When the word “desert” come into our minds, we usually think of it as a place which is hot, dry, and covered with sand and cactus plants. But it not always true, some deserts around the world have a cold climate.
Deserts are the regions of the earth that get very low rainfall annually. As a result, their land is so dry that only a few species of animals and plants can survive there i.e. cactus plant. Deserts are not completely useless places, they play important role in the climate of the earth.
Types of Deserts
Deserts are the driest regions on the earth, but they can be classified into two types; hot deserts and cold deserts.
Hot deserts have a high annual average temperature. The highest temperature occurs in the summer months. Also, the high-temperature results into a higher rate of evaporation, which makes them drier than cold deserts. The winds in hot deserts are usually strong and skies are clear.
Cold deserts have cold temperatures throughout the year and are sometimes called “temperate deserts”. They have dry air, mild-to-strong winds, and very little precipitation due to lack of moisture in the air. A type of cold deserts is called “polar deserts”. The polar deserts have a very cold temperature. They have very little precipitation which usually happens as snow.
Storms in the Deserts
Dust storm happens when the strong winds take very fine particle from the ground and lift them up to a height of 6 km. Due to dust storms, the visibility of the surroundings is reduced which may remain for days. As a result, the days become very dark like nights at the ground.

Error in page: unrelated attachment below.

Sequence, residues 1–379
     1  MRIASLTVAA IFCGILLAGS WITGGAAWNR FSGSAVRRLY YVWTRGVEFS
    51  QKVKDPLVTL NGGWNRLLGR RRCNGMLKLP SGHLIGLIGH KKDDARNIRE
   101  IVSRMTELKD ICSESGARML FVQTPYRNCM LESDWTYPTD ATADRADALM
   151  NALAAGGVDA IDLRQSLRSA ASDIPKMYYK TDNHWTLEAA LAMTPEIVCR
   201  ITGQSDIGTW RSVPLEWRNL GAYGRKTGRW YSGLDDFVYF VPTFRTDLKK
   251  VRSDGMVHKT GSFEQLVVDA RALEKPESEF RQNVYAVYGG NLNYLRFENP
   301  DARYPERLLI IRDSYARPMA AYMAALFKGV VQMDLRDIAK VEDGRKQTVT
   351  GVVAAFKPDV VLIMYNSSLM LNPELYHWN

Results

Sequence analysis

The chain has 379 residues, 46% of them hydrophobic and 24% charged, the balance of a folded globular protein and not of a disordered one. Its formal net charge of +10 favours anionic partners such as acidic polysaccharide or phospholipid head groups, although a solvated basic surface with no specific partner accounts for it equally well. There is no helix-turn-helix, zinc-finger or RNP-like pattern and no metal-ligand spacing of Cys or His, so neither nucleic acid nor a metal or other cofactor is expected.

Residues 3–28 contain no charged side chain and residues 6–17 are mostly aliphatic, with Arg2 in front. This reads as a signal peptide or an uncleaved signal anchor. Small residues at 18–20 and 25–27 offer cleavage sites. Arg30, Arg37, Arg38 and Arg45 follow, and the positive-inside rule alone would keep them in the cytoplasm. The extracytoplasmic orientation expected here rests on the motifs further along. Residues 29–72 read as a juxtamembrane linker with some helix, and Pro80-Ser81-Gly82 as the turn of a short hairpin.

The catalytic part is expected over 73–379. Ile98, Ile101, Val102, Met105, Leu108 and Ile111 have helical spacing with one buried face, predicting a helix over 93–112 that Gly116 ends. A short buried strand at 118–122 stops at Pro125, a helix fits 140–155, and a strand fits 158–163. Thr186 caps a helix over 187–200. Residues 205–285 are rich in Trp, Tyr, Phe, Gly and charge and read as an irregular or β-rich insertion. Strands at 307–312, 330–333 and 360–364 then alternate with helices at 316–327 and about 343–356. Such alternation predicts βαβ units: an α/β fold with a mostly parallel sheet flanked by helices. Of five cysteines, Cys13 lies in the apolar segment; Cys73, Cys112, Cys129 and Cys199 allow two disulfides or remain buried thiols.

Sand storms happen when very strong winds can lift heavy particles of sand. They occur less frequently due to insufficient wind speeds. They differ from dust storms because the particle size of dust is very small as compared to a grain of sand. In this storm, the grains of sand can become electrically charged. When these charged sand grains discharge they produce very bright sparks.
Extraction of Minerals
Deserts are very rich in minerals. Many countries are extracting those useful minerals from their deserts. The minerals found in the deserts are very concentrated in mineral deposits. These deposits are formed by some geological activities. For examples, during rainfalls when temporary lakes are formed, they carry along minerals with them. When water evaporates they leave behind the concentrated deposits of minerals that can be extracted. Some mineral deposits that are caused by evaporation are sodium nitrate, gypsum, and sodium chloride.
- Some deserts in Australia have deposits of iron and uranium minerals.
- The total number of people around the world that live in the deserts is 1 billion.
- Sahara desert is the hot desert which spans across 12 countries. Also, it the largest hot desert of our earth.
- Antarctica is a whole continent, which is also the largest cold desert (polar desert) of the earth.